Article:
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Maryland Passes Community Service Requirement for High School Grads

July 30, 1992

BALTIMORE (AP) _ Public high school students in Maryland will have to log 75 hours helping out in nursing homes, soup kitchens and other settings in order to graduate - the first such statewide requirement in the nation.

The community-service requirement, adopted Wednesday by the state Board of Education, will go into effect during the 1993-94 school year, beginning with the 56,000 students entering ninth grade.

Supporters say it will teach teen-agers responsibility and activism. Opponents say volunteerism can’t be mandated.

Students will have a variety of volunteer jobs to choose from, such as working in alcohol and drug treatment centers or tutoring youngsters. The 75- hour requirement also may be waived, as long as students complete a program designed and approved by school officials.

″It’s a way to show they can make a difference. It also shows they are contributing members of society, and that youths are a resource to solve their problems,″ said Kathleen Kennedy Townsend, president of the Student Service Alliance of the State Department of Education.

Elsewhere, the District of Columbia will require students to perform 100 hours of community service beginning this fall. Atlanta, Detroit and Springfield, Mass., already require community service, Townsend said.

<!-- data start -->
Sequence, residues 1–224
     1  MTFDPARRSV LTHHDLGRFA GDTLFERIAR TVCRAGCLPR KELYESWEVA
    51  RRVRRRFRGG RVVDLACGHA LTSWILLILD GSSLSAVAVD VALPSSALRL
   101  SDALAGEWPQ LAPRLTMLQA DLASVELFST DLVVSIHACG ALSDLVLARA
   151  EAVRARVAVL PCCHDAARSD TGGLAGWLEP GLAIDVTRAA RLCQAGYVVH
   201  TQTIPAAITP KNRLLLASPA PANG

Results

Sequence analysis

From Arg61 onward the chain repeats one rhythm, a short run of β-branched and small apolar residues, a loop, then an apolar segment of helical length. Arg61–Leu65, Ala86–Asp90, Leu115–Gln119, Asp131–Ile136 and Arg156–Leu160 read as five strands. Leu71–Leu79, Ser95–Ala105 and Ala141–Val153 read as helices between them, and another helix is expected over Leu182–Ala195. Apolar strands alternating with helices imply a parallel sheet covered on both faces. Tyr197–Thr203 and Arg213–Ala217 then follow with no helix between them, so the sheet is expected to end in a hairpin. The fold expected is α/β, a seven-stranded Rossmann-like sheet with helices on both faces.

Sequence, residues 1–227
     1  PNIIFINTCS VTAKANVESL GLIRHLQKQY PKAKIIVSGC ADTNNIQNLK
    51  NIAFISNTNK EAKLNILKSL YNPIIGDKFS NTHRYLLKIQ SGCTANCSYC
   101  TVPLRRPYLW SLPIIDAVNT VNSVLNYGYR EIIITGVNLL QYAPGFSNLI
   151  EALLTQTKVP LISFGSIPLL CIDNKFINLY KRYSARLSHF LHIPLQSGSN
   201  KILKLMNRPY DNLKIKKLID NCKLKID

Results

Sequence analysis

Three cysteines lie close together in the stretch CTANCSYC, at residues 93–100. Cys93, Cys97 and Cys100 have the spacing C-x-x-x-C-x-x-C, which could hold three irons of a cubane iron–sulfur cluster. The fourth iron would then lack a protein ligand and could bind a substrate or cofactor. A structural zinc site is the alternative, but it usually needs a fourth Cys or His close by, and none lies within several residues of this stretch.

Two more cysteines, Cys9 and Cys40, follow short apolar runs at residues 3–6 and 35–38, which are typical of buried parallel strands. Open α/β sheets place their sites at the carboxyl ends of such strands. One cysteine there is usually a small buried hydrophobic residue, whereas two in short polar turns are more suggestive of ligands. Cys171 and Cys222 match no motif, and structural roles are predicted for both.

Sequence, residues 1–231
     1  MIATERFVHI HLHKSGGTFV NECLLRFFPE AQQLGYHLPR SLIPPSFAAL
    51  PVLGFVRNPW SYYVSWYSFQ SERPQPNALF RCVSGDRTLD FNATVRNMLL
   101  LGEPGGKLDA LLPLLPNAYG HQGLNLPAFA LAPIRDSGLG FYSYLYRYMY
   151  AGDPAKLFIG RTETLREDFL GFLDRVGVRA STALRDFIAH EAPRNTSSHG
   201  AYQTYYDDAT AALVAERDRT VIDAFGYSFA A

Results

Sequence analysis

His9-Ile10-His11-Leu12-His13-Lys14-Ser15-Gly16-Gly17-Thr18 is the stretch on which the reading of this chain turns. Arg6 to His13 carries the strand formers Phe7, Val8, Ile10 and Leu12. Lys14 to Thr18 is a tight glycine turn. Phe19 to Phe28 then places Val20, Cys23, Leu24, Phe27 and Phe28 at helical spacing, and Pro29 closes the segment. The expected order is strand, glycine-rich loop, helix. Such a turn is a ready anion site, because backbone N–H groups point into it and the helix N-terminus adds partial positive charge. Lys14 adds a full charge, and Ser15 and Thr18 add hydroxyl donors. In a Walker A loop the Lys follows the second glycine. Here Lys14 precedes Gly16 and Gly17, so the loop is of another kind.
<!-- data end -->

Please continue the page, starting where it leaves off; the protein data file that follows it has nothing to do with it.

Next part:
Starla Jewell-Kelly, executive director of the National Community Education Association in Arlington, Va., said mandatory community service is needed to help rebuild cities.

″Communities are breaking down. We don’t have that sense of each other; you can see that in the breakdown of inner cities,″ she said. ″People need to feel responsible for their community, to care about the city and the streets.″

Opponents of the program said community service should not be forced on students.

″We don’t feel it is appropriate to coerce paid labor just because they’re children,″ said Jane R. Stern, president of the Maryland State Teachers Association. ″Once you make it a requirement, you lose the meaning of volunteering. It’s just doing time.″

Ms. Stern said the teachers union may challenge the requirement in court.

Jamie Kendrick, a student representative on the Board of Education who volunteers for a drug and alcohol abuse program, said the community service requirement was a ″slap in the face.″

″If students want to be involved, they should be able to,″ she said, ″but it should not be something required.″

John C. Sprague, vice president of the school board, argued the plan is too expensive and will expose the state to lawsuits if a youngster gets hurt while fulfilling a community-service obligation.

Nancy Grasmick, state superintendent of schools, said the cost won’t be known until districts submit their plans.

The Maryland Association of Student Councils formally opposed the plan, but Jennifer Collins, a high school student and president of the Chesapeake Regional Association of Student Councils, reluctantly backed the proposal.

″There were so many questions we were unsure about,″ she said. ″One person could see it as working at a gas station. Another person could see it as completely different.″

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